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MALIGNANT catarrhal fever (MCF) is a viral disease characterised by lymphoproliferation, vasculitis and erosive-ulcerative mucosal and cutaneous lesions (Brown and others 2007, Russell and others 2009); it is commonly fatal. The antigenic 15-A epitope and base similarity in conserved regions have been used to define the group of MCF-causing viruses (Li and others 2001) and four viruses from the genus Rhadinovirus, subfamily Gammaherpesvirinae, are currently associated with clinical MCF. The disease has been described in over 30 species of wild and domestic ruminant species (Heuschele 1988). Based on the host in which the virus was originally detected, the MCF-causing viruses include alcelaphine herpesvirus type 1 (AlHV-1) from wildebeest, ovine herpesvirus type 2 (OvHV-2) from domestic sheep, whose reservoir host remains unidentified, the MCF-causing virus in white-tailed deer (Odocoileus virginianus) (Li and others 2000), and caprine herpesvirus type 2 (CpHV-2), identified from domestic goats and a pig in Germany (Chmielewicz and others 2001), and from goats in North America (Li and others 2001). These viruses are considered to be usually transmitted directly from the reservoir host.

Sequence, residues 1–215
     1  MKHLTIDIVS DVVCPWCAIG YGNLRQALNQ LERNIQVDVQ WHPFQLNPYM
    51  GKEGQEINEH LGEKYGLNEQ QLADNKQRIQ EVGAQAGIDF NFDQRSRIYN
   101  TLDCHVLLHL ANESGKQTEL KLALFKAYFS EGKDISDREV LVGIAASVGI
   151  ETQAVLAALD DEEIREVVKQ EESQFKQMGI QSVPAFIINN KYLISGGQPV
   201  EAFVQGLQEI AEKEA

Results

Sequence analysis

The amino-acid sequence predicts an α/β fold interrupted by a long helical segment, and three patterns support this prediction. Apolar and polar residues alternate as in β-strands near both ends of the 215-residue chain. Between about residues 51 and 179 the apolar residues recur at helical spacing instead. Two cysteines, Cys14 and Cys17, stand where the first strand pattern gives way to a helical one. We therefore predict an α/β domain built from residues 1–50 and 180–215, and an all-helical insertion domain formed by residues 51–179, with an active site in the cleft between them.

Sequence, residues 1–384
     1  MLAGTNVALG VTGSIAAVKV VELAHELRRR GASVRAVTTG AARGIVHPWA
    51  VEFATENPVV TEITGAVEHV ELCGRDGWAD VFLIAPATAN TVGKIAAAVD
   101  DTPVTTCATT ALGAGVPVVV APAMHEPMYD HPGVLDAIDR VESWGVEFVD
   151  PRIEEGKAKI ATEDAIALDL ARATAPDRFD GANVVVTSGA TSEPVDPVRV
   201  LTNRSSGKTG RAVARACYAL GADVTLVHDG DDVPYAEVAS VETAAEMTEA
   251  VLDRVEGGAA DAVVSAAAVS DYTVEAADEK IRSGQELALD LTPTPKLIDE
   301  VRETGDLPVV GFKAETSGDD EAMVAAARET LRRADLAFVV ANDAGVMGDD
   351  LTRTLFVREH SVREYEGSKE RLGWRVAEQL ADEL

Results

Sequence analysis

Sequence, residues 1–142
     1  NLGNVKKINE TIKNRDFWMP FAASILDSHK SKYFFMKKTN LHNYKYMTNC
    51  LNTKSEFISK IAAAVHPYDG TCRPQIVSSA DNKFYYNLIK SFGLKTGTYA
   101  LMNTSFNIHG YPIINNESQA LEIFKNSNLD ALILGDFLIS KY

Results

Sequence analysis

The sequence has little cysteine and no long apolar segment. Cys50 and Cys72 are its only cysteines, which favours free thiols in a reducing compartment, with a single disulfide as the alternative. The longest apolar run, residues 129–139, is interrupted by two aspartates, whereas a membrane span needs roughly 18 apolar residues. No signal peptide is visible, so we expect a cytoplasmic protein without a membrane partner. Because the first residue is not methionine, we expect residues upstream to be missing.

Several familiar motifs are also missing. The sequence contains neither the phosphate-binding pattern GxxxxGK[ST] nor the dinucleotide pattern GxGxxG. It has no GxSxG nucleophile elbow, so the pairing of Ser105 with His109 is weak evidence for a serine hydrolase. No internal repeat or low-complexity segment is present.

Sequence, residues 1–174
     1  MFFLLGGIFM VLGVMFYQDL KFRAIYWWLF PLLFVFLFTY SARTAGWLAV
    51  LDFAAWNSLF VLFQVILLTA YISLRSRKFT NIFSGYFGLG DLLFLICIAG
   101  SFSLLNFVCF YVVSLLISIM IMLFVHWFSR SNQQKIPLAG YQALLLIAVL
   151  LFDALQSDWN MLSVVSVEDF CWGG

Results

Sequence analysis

MCF has been described in at least 13 species of deer. Susceptibility to MCF varies between deer species and is perhaps greatest in Père David's deer (Elaphurus davidianus), white-tailed deer, sika deer (Cervus nippon) and sambar deer (Cervus unicolor); red deer (Cervus elaphus), elk (Cervus elaphus canadensis) and fallow deer (Dama dama) are moderately resistant (Mackintosh 1993, Frölich and others 1998). In deer, MCF typically follows an acute or peracute clinical course (Orr and Mackintosh 1988, Li and others 2000, Crawford and others 2002). Although reports of chronic infection and recovery exist among cattle and deer in particular (Milne and Reid 1990), mortality up to 100 per cent is expected in susceptible species.
Infection with CpHV-2 has been described in …
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